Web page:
In 1976, Miller Freeman discovered mastodon or mammoth tusk, tooth, and jaw fragments during trawl hauls in the Chukchi Sea and Kotzebue Sound. The discovery was of interest to researchers studying the ancient Bering Land Bridge.
In 1988, two of Miller Freeman's crew members – Lieutenant Edward R. Cassano, NOAA Corps, and Daniel W. Granstrom – received the Department of Commerce Silver Medal for their role in fighting a major fire that broke out aboard the ship while she was in port at Seattle. Cassano and Granstrom went below decks to fight the fire without regard for their own safety and over the course of an hour repeatedly led firefighters of the Seattle Fire Department below decks to guide them in extinguishing the blaze, only allowing themselves to be treated for heat exhaustion after the fire was under control.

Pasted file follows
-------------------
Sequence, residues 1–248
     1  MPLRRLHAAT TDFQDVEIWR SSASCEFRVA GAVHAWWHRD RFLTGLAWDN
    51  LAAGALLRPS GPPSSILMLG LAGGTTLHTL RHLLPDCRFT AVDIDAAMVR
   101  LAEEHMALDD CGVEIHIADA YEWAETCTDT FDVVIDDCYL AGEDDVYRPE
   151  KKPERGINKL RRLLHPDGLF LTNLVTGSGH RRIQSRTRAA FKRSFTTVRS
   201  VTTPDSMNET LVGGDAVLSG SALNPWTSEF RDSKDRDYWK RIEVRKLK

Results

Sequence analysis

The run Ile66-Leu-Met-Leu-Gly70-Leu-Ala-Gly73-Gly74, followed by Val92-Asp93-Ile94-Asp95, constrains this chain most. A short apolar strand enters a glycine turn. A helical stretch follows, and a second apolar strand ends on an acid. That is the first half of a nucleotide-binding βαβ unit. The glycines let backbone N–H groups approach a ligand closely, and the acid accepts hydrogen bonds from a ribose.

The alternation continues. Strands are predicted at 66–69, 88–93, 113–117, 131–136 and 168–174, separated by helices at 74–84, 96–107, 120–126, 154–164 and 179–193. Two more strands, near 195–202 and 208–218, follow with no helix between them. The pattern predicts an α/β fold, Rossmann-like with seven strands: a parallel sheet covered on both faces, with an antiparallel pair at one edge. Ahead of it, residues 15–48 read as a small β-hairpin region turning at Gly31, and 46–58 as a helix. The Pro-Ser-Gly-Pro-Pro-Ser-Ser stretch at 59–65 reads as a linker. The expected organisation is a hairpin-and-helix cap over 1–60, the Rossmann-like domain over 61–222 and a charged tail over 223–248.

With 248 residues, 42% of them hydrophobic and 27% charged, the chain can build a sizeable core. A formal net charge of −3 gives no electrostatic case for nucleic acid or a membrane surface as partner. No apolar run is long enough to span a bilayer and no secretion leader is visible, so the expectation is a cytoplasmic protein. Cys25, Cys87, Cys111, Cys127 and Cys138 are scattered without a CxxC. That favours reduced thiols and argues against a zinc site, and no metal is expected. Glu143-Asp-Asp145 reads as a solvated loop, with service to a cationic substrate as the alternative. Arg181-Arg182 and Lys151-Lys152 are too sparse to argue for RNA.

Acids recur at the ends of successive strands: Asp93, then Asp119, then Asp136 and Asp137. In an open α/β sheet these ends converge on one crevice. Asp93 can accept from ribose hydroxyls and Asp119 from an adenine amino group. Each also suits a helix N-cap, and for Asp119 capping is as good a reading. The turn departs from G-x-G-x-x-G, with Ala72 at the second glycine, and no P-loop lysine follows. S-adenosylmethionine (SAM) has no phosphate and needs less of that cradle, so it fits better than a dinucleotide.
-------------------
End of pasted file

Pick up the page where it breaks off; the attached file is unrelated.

Miller Freeman became inactive in October 2010 and was decommissioned on 29 March 2013. Awaiting sale for scrapping, she was moored in Lake Washington in Seattle on 6 May 2013 when welding operations started an accidental fire in a storage locker aboard her. The Seattle Fire Department pumped carbon dioxide into the locker to extinguish the fire, and no injuries were reported.
As of early 2018, the former Miller Freeman reportedly was tied up at a commercial tug and towing company′s facilities adjacent to the Pattullo Bridge in the Fraser River at New Westminster, British Columbia, Canada. By early January 2019, she had been moved to Maple Ridge, British Columbia, also on the Fraser River, and had been tied up side-by-side with the former NOAA survey ship NOAAS Surveyor (S 132), which NOAA had decommissioned in 1995.